(Host) A coalition of health care advocacy groups urged lawmakers on Tuesday to reject Governor Jim Douglas’ plan to reform the state’s Medicaid program. The governor has proposed a number of changes to several pharmacy assistance programs – including higher deductibles, larger out of pocket caps and the imposition of an asset resource test. Douglas says the state will incur a $150 million deficit in the Medicaid budget in the next five years if no changes are made to the program.
Vermont Health Care ombudsman Donna Faye Sutton says the cuts unfairly target those Vermonters who are least able to afford them:
(Sutton) “The answer in tough budget times is not to cut health care programs for people who need them, who rely on them, and who have no other access. Instead, I’m hoping the Legislature will be looking at other revenue sources and also allowing the true cost containment measures that’s put into place. Let those work, see how much money is being saved.”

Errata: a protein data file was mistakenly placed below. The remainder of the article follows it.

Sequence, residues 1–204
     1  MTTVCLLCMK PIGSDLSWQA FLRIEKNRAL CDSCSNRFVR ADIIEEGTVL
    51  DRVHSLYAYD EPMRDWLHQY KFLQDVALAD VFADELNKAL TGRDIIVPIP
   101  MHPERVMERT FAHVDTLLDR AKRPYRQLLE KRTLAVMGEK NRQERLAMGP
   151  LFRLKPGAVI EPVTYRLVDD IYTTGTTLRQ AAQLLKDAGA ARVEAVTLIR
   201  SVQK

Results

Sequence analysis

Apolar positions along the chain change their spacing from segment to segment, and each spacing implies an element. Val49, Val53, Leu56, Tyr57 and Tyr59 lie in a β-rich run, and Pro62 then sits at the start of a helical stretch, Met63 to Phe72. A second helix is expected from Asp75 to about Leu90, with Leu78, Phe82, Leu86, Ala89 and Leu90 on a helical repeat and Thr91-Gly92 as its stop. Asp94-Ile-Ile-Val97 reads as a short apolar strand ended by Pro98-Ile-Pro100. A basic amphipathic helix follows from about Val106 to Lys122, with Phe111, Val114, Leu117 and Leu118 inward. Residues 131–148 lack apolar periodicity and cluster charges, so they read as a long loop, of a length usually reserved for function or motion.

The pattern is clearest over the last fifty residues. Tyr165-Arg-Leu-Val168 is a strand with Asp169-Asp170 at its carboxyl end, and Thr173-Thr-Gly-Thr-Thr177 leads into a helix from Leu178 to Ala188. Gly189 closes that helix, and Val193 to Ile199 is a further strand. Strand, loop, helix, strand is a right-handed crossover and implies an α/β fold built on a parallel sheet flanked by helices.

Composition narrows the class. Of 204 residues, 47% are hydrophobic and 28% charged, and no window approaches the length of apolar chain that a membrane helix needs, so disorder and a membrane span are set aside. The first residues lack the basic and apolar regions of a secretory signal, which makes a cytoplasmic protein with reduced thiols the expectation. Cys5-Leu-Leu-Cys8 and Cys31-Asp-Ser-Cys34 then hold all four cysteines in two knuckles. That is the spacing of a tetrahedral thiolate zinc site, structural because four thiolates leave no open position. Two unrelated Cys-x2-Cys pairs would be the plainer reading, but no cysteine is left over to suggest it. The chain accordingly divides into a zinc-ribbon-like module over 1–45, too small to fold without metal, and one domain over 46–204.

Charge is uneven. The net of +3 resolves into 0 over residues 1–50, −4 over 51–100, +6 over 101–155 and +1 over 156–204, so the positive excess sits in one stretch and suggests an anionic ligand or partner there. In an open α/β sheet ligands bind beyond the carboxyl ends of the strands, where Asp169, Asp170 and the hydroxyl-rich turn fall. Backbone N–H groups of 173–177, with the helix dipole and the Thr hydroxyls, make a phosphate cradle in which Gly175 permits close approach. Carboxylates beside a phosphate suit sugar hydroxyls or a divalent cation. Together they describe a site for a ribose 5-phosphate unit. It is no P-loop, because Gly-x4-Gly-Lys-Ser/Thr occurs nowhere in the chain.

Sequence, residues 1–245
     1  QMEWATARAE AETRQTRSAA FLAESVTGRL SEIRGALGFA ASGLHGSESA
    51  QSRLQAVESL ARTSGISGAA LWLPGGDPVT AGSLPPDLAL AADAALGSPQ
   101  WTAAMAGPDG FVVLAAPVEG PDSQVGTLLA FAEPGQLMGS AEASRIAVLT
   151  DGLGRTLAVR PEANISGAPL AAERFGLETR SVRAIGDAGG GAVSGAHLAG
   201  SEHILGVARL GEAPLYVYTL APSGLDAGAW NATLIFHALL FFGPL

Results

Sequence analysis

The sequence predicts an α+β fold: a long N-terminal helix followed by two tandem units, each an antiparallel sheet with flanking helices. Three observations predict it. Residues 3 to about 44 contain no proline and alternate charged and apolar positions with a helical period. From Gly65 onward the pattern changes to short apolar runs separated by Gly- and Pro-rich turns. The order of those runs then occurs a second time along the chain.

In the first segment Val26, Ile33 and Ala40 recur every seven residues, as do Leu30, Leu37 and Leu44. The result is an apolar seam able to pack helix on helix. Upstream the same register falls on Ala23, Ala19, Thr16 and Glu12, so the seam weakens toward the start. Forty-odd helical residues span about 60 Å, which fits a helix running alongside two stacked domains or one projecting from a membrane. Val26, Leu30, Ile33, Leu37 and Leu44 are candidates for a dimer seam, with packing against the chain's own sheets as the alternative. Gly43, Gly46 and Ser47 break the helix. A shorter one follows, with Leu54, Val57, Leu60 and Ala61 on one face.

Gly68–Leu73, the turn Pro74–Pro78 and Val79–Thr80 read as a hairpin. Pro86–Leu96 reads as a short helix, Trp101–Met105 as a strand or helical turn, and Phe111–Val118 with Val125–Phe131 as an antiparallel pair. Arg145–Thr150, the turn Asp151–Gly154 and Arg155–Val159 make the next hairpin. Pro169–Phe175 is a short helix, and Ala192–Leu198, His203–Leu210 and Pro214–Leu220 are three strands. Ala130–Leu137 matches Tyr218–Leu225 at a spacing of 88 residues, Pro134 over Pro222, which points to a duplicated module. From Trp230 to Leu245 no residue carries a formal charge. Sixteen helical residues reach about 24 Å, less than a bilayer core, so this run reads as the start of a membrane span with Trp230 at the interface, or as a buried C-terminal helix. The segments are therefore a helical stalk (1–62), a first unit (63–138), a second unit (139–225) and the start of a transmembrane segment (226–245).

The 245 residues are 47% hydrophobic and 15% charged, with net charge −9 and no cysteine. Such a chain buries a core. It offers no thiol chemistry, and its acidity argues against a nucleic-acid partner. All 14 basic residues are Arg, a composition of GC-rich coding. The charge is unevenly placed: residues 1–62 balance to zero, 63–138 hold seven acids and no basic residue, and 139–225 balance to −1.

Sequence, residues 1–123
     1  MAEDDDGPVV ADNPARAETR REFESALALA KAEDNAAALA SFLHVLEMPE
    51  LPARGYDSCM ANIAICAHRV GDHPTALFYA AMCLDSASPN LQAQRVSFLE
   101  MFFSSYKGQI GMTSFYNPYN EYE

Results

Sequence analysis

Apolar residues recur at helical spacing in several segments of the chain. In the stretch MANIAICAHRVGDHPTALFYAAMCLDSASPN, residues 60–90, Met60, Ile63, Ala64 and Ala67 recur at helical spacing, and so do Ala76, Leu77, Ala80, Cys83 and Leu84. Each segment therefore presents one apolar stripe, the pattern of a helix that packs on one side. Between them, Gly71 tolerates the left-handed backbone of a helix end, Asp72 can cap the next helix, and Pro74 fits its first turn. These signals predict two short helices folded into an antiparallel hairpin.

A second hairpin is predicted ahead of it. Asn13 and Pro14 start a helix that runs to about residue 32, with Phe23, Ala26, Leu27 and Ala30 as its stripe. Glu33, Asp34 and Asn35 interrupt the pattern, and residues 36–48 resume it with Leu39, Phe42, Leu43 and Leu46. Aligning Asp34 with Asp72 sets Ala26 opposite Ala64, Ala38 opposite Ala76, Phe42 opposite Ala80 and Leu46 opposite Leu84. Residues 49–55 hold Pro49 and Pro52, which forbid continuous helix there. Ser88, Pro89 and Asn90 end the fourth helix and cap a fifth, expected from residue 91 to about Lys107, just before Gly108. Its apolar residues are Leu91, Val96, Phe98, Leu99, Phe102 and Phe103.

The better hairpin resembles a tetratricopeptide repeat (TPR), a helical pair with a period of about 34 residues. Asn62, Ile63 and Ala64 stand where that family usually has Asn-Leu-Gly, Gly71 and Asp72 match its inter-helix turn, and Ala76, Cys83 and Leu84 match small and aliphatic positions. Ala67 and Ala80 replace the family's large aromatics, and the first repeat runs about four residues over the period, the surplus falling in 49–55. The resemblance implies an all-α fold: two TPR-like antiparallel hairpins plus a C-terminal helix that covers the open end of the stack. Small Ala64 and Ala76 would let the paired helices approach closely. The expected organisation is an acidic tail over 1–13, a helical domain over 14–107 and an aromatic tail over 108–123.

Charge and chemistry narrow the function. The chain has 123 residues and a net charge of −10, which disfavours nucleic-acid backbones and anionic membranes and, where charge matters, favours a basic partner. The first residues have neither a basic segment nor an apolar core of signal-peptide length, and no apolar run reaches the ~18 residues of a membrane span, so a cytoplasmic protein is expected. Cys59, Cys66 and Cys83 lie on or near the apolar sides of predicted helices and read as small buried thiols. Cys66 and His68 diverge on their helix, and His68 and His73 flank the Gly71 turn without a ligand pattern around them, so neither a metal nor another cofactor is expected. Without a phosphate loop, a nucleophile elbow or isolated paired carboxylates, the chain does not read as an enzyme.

(Host) Helen Faust is a 77-year-old woman who lives in Rutland. Faust lives on an income of roughly $10,000 a year and she takes several medications for a heart ailment. Faust says she’s able to afford her drugs because she participates in the state’s pharmacy program, but she says the changes will be very difficult for her:
(Faust) “I’d have to stop eating. I don’t want to stop eating. It seems to me kind of foolish to pay out all this money for medications to keep me going when I’m not going to have enough to live on.”
(Host) Both the House and the Senate Appropriations committees are looking at this issue as part of their review of next year’s budget.